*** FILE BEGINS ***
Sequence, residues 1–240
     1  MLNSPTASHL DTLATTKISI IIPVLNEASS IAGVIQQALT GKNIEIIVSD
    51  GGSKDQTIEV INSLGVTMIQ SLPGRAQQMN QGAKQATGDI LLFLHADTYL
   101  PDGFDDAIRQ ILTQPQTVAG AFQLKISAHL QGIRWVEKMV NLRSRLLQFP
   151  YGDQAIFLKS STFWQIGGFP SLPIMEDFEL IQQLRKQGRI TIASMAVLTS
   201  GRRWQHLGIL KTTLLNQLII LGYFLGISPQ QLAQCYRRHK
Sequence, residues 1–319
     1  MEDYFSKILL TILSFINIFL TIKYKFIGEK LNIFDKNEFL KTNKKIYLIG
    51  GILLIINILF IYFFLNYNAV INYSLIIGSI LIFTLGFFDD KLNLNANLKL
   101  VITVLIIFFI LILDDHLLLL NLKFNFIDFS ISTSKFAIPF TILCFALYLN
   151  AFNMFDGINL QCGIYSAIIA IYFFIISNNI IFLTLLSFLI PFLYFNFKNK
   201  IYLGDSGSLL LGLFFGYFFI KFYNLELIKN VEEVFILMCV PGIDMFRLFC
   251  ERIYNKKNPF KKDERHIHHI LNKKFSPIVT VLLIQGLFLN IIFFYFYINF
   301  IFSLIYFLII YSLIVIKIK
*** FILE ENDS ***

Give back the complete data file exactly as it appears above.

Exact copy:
Sequence, residues 1–240
     1  MLNSPTASHL DTLATTKISI IIPVLNEASS IAGVIQQALT GKNIEIIVSD
    51  GGSKDQTIEV INSLGVTMIQ SLPGRAQQMN QGAKQATGDI LLFLHADTYL
   101  PDGFDDAIRQ ILTQPQTVAG AFQLKISAHL QGIRWVEKMV NLRSRLLQFP
   151  YGDQAIFLKS STFWQIGGFP SLPIMEDFEL IQQLRKQGRI TIASMAVLTS
   201  GRRWQHLGIL KTTLLNQLII LGYFLGISPQ QLAQCYRRHK
Sequence, residues 1–319
     1  MEDYFSKILL TILSFINIFL TIKYKFIGEK LNIFDKNEFL KTNKKIYLIG
    51  GILLIINILF IYFFLNYNAV INYSLIIGSI LIFTLGFFDD KLNLNANLKL
   101  VITVLIIFFI LILDDHLLLL NLKFNFIDFS ISTSKFAIPF TILCFALYLN
   151  AFNMFDGINL QCGIYSAIIA IYFFIISNNI IFLTLLSFLI PFLYFNFKNK
   201  IYLGDSGSLL LGLFFGYFFI KFYNLELIKN VEEVFILMCV PGIDMFRLFC
   251  ERIYNKKNPF KKDERHIHHI LNKKFSPIVT VLLIQGLFLN IIFFYFYINF
   301  IFSLIYFLII YSLIVIKIK